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It could, however, be a significantly changed team that takes the field for England on Thursday, especially if Flintoff, whose ankle was still causing him discomfort during practice, is forced to sit out his fifth consecutive home Test. With overcast, seaming conditions predicted, England are likely to back a four-bowler strategy and bring Owais Shah into the middle-order, while Monty Panesar - England's cause celebre of the winter - could quite legitimately be made the fall-guy unless Moores feels the need to make a statement in his first game in charge. "There's going to be moisture, and it'll swing if it's overcast," said Strauss. "It's an option, although as a general rule it's good to have a spinner in your side. It gives you variety."

Tomorrow's toss ought to be a no-brainer if England win. They will surely bowl first and unleash the pace pairing of Steve Harmison and Matthew Hoggard, who - for contrasting reasons - have been out of action since the end of the Ashes campaign. Both have used the break well and have been in fine form for their counties, with Harmison especially menacing, having scalped 24 wickets in just three County Championship matches. He claims to have put his desperate tour of Australia and subsequent retirement from one-day cricket behind him, and he of all people epitomises the fresh start that Moores is hoping to usher in this month.

"Harmy is in a good place at the moment," said Moores, who has had a one-on-one with each of his new charges since taking the reins at the beginning of May, in a bid to "create an environment where people enjoy playing" - something that couldn't have been further from Harmison's gameplan during that sullen Ashes experience. "We've sat and talked, and he's more than warranted his selection. Enjoyment comes from winning and doing well as a sportsman, and on that side, he's bowled well in county cricket. He's knows his bowling and knows his game, and he has a lot to give to the team."

Harmison also knows how to stick it up the West Indians. He has taken 40 wickets in eight Tests against them, a haul that included his incredible 7 for 12 at Sabina Park in April 2004 and which led to him ascending - albeit briefly - to the top of the world bowling rankings. But Strauss, knowing full well how fragile his team-mate's confidence can be, wasn't about to hark back to those former glories. "What I expect from Steve Harmison is he bowls like he has this summer, "he said. "Clearly been doing the right things, with good pace and good control, and he looks happy with the way he's bowling."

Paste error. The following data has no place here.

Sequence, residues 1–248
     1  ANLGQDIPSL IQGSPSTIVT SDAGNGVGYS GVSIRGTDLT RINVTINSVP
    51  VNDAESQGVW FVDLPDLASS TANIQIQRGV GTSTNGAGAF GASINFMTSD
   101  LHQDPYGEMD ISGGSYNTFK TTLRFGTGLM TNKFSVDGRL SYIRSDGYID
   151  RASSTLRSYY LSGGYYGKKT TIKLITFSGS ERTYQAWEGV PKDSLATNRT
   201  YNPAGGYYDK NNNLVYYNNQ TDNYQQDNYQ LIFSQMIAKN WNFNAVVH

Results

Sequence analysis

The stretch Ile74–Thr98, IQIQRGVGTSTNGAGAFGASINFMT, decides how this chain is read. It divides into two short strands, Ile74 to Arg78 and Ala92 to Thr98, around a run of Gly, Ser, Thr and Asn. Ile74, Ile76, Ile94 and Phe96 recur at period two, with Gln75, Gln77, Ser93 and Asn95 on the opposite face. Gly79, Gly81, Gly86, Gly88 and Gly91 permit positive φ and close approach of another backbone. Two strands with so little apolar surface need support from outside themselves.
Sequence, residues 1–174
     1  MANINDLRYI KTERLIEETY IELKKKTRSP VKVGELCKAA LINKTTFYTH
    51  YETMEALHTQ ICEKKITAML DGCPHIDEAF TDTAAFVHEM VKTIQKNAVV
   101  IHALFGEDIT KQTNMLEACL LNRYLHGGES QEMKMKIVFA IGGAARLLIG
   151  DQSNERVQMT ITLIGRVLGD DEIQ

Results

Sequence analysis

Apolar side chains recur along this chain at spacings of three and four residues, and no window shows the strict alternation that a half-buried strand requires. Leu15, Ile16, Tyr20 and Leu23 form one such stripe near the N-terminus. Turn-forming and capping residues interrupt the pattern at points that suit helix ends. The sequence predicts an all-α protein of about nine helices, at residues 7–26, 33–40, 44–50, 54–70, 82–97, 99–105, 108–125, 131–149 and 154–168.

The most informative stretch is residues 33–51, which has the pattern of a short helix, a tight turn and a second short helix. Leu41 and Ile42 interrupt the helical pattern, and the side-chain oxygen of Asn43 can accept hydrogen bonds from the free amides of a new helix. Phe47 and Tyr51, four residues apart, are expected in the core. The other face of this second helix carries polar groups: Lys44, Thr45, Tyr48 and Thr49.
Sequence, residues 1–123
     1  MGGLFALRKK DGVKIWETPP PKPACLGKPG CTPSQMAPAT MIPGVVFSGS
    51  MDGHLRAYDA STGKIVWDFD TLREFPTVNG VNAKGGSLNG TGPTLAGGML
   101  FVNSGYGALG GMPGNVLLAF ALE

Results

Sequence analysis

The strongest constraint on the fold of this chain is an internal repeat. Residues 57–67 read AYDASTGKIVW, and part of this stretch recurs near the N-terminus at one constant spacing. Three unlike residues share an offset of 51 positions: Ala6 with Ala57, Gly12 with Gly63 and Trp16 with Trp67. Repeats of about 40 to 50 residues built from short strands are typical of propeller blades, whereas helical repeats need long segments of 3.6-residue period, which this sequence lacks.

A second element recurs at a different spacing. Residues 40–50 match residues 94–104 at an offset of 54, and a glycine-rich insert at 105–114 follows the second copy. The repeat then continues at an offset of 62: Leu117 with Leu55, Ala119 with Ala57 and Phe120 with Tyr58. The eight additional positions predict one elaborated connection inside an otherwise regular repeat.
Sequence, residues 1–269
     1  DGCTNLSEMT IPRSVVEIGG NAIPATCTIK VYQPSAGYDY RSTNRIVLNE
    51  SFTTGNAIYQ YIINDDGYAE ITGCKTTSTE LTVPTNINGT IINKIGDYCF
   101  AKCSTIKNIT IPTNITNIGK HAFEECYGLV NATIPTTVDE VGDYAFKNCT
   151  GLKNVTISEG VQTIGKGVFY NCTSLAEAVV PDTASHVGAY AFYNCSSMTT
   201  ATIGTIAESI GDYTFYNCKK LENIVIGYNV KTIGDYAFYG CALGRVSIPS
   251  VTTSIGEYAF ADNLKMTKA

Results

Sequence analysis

West Indies have some pace prospects of their own. Fidel Edwards, another man who has been lying low during the World Cup, was singled out by Sarwan for his pace and vigour, while the swing specialist Corey Collymore can expect to thrive in the conditions, given the opportunity. "We've got no big superstars, it's just a matter of playing basic cricket and getting it right," added Sarwan, who cited the glamour-free uber-professional New Zealanders as the inspiration for his team's new era. Maybe that 11.30 curfew is having some effect after all.

Either way, it is hard to imagine how England - with or without Flintoff - can fail to get back on track this week. Although both teams are in a process of rebuilding, the vibe being emitted from the West Indian camp is one of discontent and ever-so-mild dissent, as epitomised by Chris Gayle's grumblings about his early bedtime. Their opponents, on the other hand, seem rather more determined to prove they are still worthy of their world Test ranking of No. 2, the only accolade they managed to retain this winter. "It's important we learn the lessons and challenge ourselves to improve," said Strauss. "This is the start of that process. If the guys aren't excited and motivated in this Test match, they never will be."

England (probable) 1 Andrew Strauss (capt), 2 Alastair Cook, 3 Ian Bell, 4 Kevin Pietersen, 5 Paul Collingwood, 6 Owais Shah, 7 Matt Prior (wk), 8 Liam Plunkett, 9 Steve Harmison, 10 Matthew Hoggard, 11 James Anderson.

West Indies (probable) 1 Chris Gayle, 2 Daren Ganga, 3 Devon Smith, 4 Ramnaresh Sarwan (capt), 5 Shivnarine Chanderpaul, 6 Runako Morton, 7 Dwayne Bravo, 8 Denesh Ramdin (wk), 9 Daren Powell, 10 Corey Collymore, 11 Jerome Taylor.

Andrew Miller is UK editor of Cricinfo

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© ESPN Sports Media Ltd.

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Andrew Miller Andrew Miller was saved from a life of drudgery in the City when his car caught fire on the way to an interview. He took this as a sign and fled to Pakistan where he witnessed England's historic victory in the twilight at Karachi (or thought he did, at any rate - it was too dark to tell). He then joined Wisden Online in 2001, and soon graduated from put-upon photocopier to a writer with a penchant for comment and cricket on the subcontinent. In addition to Pakistan, he has covered England tours in Sri Lanka, Bangladesh, South Africa, Australia and New Zealand, as well as the World Cup in the Caribbean in 2007